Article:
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Elder Edda

The Elder Edda, also known as the "Poetic Edda" is a collection of Norse mythology. It is traditionally attributed to Saemund the Wise[?]. It was presumed lost until 1643 when the then Bishop of Skálholt, Brynjólfur Sveinnson[?], discovered a manuscript dating back at least to the 13th century containing many verses which had been referenced by Snorri Sturluson in the Younger Edda. Many of the poems in it are written in the ljóðaháttr, a traditional form of alliterative verse.

The document is now stored in the Royal Library in Copenhagen, and is contained within the Codex Regius[?] (R2365).

The poems contained within it are:

Voluspa (also spelt Voluspo, known also as "The Prophecy of the Vala")
Havamal (also spelt Hovomol)
Harbarsljoth[?] (also spelt Harbarzljoð, also known as "The Lay of Harbarth")
Hymiskvitha[?] (also known as "The Lay of Hymis")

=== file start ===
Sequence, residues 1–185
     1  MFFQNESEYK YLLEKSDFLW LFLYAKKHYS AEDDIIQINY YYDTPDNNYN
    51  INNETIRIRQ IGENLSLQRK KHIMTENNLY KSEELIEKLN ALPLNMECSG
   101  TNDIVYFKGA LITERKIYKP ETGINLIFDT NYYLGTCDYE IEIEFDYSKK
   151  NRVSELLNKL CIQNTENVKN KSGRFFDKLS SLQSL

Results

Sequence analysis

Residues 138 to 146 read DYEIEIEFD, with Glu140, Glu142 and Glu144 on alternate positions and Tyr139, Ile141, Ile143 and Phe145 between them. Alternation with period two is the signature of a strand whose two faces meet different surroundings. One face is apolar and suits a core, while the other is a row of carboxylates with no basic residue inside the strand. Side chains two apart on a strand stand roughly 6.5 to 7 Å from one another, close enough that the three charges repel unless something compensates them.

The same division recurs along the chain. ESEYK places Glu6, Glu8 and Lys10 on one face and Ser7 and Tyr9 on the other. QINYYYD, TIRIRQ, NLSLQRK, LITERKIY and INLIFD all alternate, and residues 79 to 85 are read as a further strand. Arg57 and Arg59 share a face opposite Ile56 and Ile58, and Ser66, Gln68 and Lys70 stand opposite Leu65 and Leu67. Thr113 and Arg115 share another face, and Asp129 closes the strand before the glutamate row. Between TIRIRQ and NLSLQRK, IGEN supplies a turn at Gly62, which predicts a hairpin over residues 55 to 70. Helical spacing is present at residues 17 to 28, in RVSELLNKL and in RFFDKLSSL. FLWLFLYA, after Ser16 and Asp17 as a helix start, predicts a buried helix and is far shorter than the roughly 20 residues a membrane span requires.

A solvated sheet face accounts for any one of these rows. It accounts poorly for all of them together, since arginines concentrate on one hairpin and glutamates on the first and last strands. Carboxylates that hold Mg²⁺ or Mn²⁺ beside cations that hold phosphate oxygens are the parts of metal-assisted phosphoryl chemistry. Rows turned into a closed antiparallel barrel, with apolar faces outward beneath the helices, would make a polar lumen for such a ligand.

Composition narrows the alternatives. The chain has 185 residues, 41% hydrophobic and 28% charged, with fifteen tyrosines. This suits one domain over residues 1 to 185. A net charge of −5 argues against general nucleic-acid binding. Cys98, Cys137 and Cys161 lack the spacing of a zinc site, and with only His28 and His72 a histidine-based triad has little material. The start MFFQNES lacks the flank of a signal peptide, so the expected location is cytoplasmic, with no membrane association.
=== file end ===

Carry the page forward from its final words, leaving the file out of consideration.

Lokasenna (also known as "Loki's Mocking")
Thrymskvitha (also known as "The Lay of Thrym")
Alvissmal[?] (also known as "The Sayings of Alvis")
Baldurs Draumar[?] (also better known as "Baldur's Dream")
Rigsthula[?] (also known as "Rig's Song")
Hyndluljoth[?] (known also as "The Lay of Hyndla")
Svipdagsmal[?] (known also and variously as: "Grogaldr", "Fjolsvinnsmal", "The Sayings of Svipdag", "The Spell of Groa")
Vouspa hin skamma[?] (known also as "The Short Prophecy of Vala")

It also contains the heroic lays which are considered to predate the mythical lays:

Volundarkvitha[?] "The Lay of Volund"

The Helgi Lays :-
Helgakvitha Hjorvarthssonar[?]
Helgakvitha Hundisbana[?]

Fra Dautha Sinfjotla[?]
Brot Af Sigurtharthviku[?]
Guthrunarkvitha I[?]
Sigurtharthviku En Skamma[?]
Helreith Brynhildar[?]
Drap Niflunga[?]
Guthrunarkvitha II, En Forna[?]
Guthrunarkvitha III[?]
Atlakvitha En Gronlenzku[?]
Hamthesmal[?] ("The Lay of Hamdir")

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